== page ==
I wrote a review of a portion of the festival for Rhizome -- specifically, an exhibit hosted at UNR's Sheppard Gallery. Here's a quote:
It seemed there was a common desire to enlist the spectator as a participant. Open until December 16, 2009, the works included in the show involved a fair amount of “play,” but the artists seemed attuned to the complexities involved with the interaction between machine and participant, thus it’s play inflected with critique.
I didn't have room to cover the performance aspect of the festival, a cluster of multimedia pieces presented at the Nevada Museum of Art. The performances were worthy of a write-up in themselves, though at this point I only have a couple fugitive notes to offer. Below are two photos Joseph sent me. The first shows Stephanie Lie's Vibrating Milk, in which a camera trained on a drum head covered with milk sent a live feed to the big movie screen in the NMA's Wayne and Miriam Prim Theater. Modulated sound got the drum head vibrating, and the milk was perturbed into a variety of shimmering patterns -- on the big screen, we were treated to a mix of a constantly-shifting abstract expressionist painting, and a 60s psychedelia rock show backdrop.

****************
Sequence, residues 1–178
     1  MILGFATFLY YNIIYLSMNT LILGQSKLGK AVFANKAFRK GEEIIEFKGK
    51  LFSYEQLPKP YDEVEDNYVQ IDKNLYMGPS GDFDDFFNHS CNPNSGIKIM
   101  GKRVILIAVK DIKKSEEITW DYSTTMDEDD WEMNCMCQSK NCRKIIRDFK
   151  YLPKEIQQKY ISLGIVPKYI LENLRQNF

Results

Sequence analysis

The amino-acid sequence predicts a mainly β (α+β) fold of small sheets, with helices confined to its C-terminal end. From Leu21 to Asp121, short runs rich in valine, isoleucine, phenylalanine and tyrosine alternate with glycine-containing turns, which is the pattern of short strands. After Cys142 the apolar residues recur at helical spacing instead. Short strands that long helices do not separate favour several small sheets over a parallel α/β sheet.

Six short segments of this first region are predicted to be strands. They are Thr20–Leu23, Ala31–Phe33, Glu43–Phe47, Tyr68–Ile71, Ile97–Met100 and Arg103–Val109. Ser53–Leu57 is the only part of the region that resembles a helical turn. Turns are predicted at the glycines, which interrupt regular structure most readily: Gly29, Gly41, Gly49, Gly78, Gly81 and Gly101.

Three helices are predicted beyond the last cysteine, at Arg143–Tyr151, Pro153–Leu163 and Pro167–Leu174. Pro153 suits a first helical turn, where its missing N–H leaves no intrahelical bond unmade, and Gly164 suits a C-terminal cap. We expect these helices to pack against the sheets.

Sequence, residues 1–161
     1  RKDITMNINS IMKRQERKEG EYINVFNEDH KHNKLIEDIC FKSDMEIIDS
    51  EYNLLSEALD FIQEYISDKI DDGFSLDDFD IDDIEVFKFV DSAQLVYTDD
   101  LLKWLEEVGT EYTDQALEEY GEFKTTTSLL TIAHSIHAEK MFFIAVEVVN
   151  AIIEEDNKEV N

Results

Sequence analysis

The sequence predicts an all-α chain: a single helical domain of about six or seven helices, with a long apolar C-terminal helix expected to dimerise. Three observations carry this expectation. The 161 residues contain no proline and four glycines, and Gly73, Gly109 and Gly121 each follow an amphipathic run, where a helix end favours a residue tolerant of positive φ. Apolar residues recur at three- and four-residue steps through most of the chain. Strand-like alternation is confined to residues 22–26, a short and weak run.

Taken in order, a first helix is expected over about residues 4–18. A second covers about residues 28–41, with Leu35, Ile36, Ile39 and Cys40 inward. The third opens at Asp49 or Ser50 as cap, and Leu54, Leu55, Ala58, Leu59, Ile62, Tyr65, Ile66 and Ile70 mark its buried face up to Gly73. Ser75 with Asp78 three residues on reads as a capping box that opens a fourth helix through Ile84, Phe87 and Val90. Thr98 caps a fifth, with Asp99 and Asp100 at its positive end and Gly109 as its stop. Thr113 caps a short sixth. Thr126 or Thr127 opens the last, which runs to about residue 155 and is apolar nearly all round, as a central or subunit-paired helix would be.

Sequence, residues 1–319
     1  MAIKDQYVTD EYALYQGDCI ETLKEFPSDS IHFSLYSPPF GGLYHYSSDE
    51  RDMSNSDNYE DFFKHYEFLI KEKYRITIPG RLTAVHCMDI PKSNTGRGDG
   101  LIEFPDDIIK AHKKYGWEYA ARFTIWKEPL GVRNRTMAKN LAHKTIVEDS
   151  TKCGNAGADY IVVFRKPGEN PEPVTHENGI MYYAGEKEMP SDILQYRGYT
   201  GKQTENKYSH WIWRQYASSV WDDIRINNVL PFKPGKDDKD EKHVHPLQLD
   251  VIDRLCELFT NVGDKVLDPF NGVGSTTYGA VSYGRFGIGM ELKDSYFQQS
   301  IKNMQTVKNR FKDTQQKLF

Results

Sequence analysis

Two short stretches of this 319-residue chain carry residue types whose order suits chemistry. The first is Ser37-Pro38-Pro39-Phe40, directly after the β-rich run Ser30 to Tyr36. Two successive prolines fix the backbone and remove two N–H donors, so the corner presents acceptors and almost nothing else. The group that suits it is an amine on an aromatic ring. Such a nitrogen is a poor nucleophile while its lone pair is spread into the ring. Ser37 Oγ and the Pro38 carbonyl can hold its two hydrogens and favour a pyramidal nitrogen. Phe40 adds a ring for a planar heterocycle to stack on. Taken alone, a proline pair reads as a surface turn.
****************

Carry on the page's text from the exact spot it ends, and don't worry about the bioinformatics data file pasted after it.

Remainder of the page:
The second photo is of Natalia Jaeger's Miranda. Jaeger offered the audience bananas, and then invited the audience to watch a clip of Carmen Miranda projected on her underwear. We watched the Busby Berkely-choreographed dancers navigate their giant bananas through their geometric progressions (even without the upskirt proscenium, it would be impossible to miss the phallic implications of a bevy of female dancers wielding massive bananas. But it was still a bit of a revelation to see the bananas, at one point -- as they were ranged into a circular bullseye -- suddenly become teeth in a canary vagina dentata). And while we watched, Jaeger regarded the audience with eyes of dull malice, slowly chewing the heads off a small bouquet of flowers.
Nor did I have space, in the Rhizome review, to elaborate on the swarm of flying pig bladders that were set whirling in the air above the UNR campus one evening. They were the work of Doo-Sung Yoo, who has created a variety of pieces that meld robotics with animal parts.
(first pic courtesy of Joe, the others are mine)
I actually caught the outdoor installation by accident, on my way to an unrelated dance performance at UNR. After the dance, on my way through the Church Fine Arts Building at UNR, I came across a cluster of the pig bladder balloons corralled at the end of an empty hallway, quietly jostling each other, unattended. It was gratifyingly eerie.